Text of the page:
Blue Ridge

It’s past midnight. That means it’s officially two weeks since I saw this play. Is there a reason that I write these reviews a week or more later than when I initially saw them? There isn’t. If anything, it’s just procrastination. Or maybe I can think of some deeper thematic meaning that I totally will make up on the spot and yet run with it like it’s deeply philosophical. I think I wait so long to write about the play because I’m not a true critic, I can’t critique as well as the professionals, but I can write what I remember about the experience and the overall feeling that the show offered. Which is a new take that you can only get from my deeply personal reviews, so take note the New Yorker, NY Times, New York magazine, and any other Pulitzer prize-winning publication.

I saw the play with a lovely Brazilian because I like to show those who aren’t from the area the magic of the theater. I try to donate my time to the less fortunate so that they too can see the beauty of Broadway. Some call me a modern day Gandhi and I don’t like to think of it as that inspiration, but I do what I can. Regardless, what matters not is the company I had during the show but the show itself. Except I made a whole thing about how I don’t entirely remember the show itself. Look, this review could be all over the place and that’s why I implore one of those Pulitzer prize-winning establishments to hire me a full-time assistant and editor. What do I remember? I do remember how the woman at the bar said I was the only person to get two drinks of their moonshine concoction. I remember that the theater was a converted church on a random street and I didn’t think it was the actual location. I remember how shocked that I got middle seats in the first few rows when I only paid 25$ for a ticket a month before the show even was. I remember that after the show I went to a Mexican restaurant that had passion fruit margaritas and tacos that were extremely juice and a server who never stopped refilling a water glass after you had more than one sip.

Was the show itself important? Of course it was. What was it about? A woman that slept with her principal who was married and smashed his car after her feelings weren’t truly requited? A support group, twelve-step programs, drama within the program and outside of it. Again, this would be a lot more detailed had I written this the next day (which I initially planned) instead of two weeks later. But again, am I a good critique? As I told my partner to the show, “As long as something is well acted, I think I’ll enjoy it.” Which this was. Compared to The Waverly Gallery which I felt had some problems with tone and vocal tones, this was just a real-life glimpse into the few months of some deeply troubled Appalachian folks. I left the show thinking that I enjoyed the show, that the elderly couple in front of me wasn’t the smartest for not understanding the show entirely. C’mon lady! The ending was very understandable if you just remembered a little bit of context!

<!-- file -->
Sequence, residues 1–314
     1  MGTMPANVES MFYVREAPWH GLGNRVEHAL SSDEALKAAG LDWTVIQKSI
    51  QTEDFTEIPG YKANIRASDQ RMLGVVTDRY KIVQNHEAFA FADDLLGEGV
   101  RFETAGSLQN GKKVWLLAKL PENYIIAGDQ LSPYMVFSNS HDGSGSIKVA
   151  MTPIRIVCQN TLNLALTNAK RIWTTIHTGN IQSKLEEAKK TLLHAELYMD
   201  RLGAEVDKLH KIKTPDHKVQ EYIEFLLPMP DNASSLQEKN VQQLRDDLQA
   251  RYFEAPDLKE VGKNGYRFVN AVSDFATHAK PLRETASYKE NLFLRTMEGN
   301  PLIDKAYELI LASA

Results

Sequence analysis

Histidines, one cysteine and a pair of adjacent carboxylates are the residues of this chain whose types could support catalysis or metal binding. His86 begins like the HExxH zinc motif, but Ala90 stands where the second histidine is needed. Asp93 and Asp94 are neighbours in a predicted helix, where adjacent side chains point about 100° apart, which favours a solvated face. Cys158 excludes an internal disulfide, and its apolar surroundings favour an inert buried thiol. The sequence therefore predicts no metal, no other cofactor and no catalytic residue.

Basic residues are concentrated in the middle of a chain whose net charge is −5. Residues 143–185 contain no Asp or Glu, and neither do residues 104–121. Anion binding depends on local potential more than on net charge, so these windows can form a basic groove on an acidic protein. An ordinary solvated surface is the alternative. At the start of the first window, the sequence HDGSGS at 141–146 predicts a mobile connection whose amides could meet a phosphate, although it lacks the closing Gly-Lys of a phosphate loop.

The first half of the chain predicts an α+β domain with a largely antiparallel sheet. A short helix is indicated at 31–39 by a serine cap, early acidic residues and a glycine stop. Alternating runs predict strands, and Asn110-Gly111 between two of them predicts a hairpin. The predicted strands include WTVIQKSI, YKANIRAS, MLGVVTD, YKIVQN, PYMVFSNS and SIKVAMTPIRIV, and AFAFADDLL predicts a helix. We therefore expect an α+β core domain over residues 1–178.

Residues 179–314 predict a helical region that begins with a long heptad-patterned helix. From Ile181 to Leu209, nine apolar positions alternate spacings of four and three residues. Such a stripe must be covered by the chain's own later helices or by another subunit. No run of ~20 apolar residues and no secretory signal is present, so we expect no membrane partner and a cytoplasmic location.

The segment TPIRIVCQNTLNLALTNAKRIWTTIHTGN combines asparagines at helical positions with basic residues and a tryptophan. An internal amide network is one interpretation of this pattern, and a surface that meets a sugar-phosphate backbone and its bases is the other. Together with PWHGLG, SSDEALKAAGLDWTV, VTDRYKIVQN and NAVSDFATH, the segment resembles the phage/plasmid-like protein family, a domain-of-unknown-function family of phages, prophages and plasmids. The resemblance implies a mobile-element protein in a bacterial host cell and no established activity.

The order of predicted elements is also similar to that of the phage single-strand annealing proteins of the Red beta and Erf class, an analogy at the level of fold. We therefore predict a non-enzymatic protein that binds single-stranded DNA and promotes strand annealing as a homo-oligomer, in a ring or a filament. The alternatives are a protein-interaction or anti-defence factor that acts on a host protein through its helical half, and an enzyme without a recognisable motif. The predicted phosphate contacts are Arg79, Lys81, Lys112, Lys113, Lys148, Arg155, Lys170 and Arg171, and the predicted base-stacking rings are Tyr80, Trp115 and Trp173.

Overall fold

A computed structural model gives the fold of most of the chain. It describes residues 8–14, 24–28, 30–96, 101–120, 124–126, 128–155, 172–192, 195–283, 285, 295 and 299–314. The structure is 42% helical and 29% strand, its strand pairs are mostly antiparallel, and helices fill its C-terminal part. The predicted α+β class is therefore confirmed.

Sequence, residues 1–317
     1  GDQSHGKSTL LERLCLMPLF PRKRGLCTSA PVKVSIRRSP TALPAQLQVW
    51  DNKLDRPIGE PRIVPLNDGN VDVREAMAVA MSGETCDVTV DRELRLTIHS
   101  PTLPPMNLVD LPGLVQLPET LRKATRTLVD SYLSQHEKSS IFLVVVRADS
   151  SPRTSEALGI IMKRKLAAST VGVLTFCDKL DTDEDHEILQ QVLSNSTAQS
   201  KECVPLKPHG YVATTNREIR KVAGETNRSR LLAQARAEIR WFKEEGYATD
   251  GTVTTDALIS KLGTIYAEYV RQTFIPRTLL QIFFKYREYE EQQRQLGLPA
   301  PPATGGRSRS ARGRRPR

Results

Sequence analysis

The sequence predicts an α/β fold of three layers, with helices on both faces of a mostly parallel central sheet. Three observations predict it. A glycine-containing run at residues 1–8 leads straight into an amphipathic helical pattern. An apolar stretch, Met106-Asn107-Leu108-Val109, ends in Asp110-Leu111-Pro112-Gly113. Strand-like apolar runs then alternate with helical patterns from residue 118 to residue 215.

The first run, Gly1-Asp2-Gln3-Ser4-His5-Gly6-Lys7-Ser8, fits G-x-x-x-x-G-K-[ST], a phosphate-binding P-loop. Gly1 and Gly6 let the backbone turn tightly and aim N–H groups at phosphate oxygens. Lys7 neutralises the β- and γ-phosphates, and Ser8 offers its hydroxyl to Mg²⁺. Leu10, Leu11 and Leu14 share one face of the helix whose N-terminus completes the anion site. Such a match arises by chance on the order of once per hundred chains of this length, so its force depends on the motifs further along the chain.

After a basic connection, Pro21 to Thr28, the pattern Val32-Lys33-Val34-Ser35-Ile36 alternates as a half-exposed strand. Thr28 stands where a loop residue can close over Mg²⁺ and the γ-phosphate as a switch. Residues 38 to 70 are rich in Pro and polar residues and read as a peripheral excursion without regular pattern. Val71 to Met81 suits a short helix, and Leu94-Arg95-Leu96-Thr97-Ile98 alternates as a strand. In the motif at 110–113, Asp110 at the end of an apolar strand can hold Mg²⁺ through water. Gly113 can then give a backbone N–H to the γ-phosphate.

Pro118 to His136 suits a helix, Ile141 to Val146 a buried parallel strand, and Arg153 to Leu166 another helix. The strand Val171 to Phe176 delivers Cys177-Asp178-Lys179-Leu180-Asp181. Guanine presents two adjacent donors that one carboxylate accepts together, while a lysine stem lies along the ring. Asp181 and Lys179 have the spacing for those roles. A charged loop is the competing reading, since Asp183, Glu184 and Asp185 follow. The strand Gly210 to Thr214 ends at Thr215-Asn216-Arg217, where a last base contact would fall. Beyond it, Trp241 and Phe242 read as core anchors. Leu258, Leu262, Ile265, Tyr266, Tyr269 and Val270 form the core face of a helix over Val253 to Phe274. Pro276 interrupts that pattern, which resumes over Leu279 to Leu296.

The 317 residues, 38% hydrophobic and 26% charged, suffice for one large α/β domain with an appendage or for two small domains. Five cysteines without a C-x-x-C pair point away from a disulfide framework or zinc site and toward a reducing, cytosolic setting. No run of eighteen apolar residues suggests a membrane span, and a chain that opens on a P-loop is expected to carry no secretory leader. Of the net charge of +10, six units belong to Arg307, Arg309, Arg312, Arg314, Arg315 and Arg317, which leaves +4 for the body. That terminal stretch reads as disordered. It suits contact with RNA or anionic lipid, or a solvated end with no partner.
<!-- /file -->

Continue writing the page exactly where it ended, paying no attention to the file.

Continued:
One day I’ll write a review when the words of the stage still resonate in my heart. Until then, I’ll comment on the experiences, the meaningful moments gleaned from what I experienced. Until I’m forced to rate things on one to five stars, I will talk about things that matter long after the event. Because that’s what important. What still rings true after the fact. Anyone can write a play, not anyone can craft an entire experience. Though, to be fair, the experience I remember is not really the result of the playwright but rather what I felt myself. Still, isn’t that what’s important? I ask this like I’ll get a response when I’m just speaking rhetorically to myself. I feel like I should write more words but I also started this last night at 1 in the morning and I’m finally finishing it the next evening. Do I have more thoughts? Probably. If you want to know, just ask. That’s speaking for the two of you who will actually read this. If you don’t care, then just let me ramble. I’ll keep doing it regardless of reads or doesn’t. So it goes.


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